“The Met encourages all victims of hate crime to report any incident to police and will make every effort to hold offenders to account and bring them to justice.”

To be perfectly clear, what authorities consider a worthy of reporting in this instance amounts to little more the vitriolic rhetoric — “criminal and non-criminal incidents”  — a term so nebulous and subjective in nature, this extirpation project represents both a dangerous precedent and the slipperiest of slopes.

Critics, justifiably alarmed at the prospect of thought police, have posited the program will not only nullify the free speech bastion the Internet represents, but could lead to arrests for online jokes or offensive posts — or worse.

“There’s a risk of online vigilantism, where people who are offended by the least thing will have a license to report it to police,” cautioned Andrew Allison of the libertarian group, Freedom Association, the Daily Mail reported.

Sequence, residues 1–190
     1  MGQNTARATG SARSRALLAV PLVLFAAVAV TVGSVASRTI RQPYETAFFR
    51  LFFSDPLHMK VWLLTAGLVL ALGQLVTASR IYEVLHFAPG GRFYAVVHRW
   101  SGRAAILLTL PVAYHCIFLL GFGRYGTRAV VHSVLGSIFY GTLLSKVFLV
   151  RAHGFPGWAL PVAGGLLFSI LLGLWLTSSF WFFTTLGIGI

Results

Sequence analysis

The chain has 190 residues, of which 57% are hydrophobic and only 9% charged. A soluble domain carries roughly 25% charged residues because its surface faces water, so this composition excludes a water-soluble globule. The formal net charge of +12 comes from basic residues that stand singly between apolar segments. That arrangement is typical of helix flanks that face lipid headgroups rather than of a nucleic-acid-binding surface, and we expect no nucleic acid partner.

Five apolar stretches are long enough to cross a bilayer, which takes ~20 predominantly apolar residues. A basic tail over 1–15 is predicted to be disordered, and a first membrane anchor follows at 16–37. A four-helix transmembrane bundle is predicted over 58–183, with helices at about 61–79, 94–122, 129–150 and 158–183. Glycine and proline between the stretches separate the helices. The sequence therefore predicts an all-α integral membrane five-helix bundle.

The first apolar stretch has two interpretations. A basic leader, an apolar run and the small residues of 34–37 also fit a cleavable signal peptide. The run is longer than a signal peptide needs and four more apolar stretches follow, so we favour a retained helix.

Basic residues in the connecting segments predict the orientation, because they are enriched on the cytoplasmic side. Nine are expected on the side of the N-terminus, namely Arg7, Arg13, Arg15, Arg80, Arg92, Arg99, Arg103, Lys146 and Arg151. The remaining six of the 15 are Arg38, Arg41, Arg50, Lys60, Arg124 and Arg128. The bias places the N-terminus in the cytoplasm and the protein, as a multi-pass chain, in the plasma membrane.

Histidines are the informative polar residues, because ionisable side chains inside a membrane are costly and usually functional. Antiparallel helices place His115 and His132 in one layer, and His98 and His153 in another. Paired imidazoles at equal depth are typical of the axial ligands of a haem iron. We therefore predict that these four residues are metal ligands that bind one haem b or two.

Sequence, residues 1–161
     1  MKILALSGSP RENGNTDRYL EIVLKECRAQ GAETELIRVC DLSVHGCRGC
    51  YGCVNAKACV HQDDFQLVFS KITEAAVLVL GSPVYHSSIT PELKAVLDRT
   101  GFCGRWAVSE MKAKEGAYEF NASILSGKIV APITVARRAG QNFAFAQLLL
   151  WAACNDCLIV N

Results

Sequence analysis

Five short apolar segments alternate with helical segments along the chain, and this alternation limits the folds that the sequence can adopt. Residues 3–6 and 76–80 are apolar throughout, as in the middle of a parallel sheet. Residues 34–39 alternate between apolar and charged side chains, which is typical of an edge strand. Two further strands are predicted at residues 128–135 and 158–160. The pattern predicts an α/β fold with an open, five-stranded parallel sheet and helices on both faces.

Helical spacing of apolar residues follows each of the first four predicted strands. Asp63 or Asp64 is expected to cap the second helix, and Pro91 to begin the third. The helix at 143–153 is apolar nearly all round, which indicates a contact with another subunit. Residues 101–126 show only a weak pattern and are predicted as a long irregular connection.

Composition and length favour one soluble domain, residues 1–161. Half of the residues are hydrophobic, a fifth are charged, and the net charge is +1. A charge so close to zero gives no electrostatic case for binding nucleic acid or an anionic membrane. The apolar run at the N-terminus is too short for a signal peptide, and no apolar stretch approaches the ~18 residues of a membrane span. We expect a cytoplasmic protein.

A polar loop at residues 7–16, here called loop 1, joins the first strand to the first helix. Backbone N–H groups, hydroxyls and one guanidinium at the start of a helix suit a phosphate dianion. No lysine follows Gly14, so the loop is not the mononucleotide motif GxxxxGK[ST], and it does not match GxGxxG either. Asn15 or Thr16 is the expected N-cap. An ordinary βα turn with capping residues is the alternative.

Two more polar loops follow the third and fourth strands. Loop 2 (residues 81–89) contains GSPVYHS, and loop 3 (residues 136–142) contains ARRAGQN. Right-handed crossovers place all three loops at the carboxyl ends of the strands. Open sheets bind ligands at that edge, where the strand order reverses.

If this recalls for you George Orwell’s government-loyal child Spies from the dystopian portent 1984, you wouldn’t be far from the truth.

In fact, in one example cited by the Daily Mail, a mother of two found herself the subject of a police inquiry after writing on friend’s Facebook post that she wanted to throw an egg at David Cameron. Yes, seriously.

Desiring to toss an egg at a politician hardly seems relevant to fighting actual crimes of harm — but as an illustration of the potential for offhand comments of no malintent to be perceived as criminal in nature, it handily does the job. And the non-threat of an egg isn’t the only absurd example.

A relative posted a photo to Facebook of three Siddiqui family members clad in camouflage during a paintballing expedition with the obviously jocular caption, “ISIS training day” — but the family promptly received a visit from police officers.

“Police are becoming moral arbiters rather than dealing with real issues that threaten our security,” asserted Frank Furedi, University of Kent professor emeritus of sociology.

For Americans unnerved by the U.S.’ continued toying with legislation and court rulings designed to quell the fundamental right to free speech, the U.K. presents a case study in how quickly ‘political correctness’ can run amok.